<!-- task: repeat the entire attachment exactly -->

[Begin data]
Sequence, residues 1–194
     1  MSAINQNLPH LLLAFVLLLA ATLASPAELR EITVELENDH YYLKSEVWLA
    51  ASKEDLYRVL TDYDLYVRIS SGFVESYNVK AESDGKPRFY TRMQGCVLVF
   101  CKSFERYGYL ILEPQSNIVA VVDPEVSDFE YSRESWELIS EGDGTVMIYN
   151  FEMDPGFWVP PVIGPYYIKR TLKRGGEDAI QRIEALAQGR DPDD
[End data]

Sequence, residues 1–194
     1  MSAINQNLPH LLLAFVLLLA ATLASPAELR EITVELENDH YYLKSEVWLA
    51  ASKEDLYRVL TDYDLYVRIS SGFVESYNVK AESDGKPRFY TRMQGCVLVF
   101  CKSFERYGYL ILEPQSNIVA VVDPEVSDFE YSRESWELIS EGDGTVMIYN
   151  FEMDPGFWVP PVIGPYYIKR TLKRGGEDAI QRIEALAQGR DPDD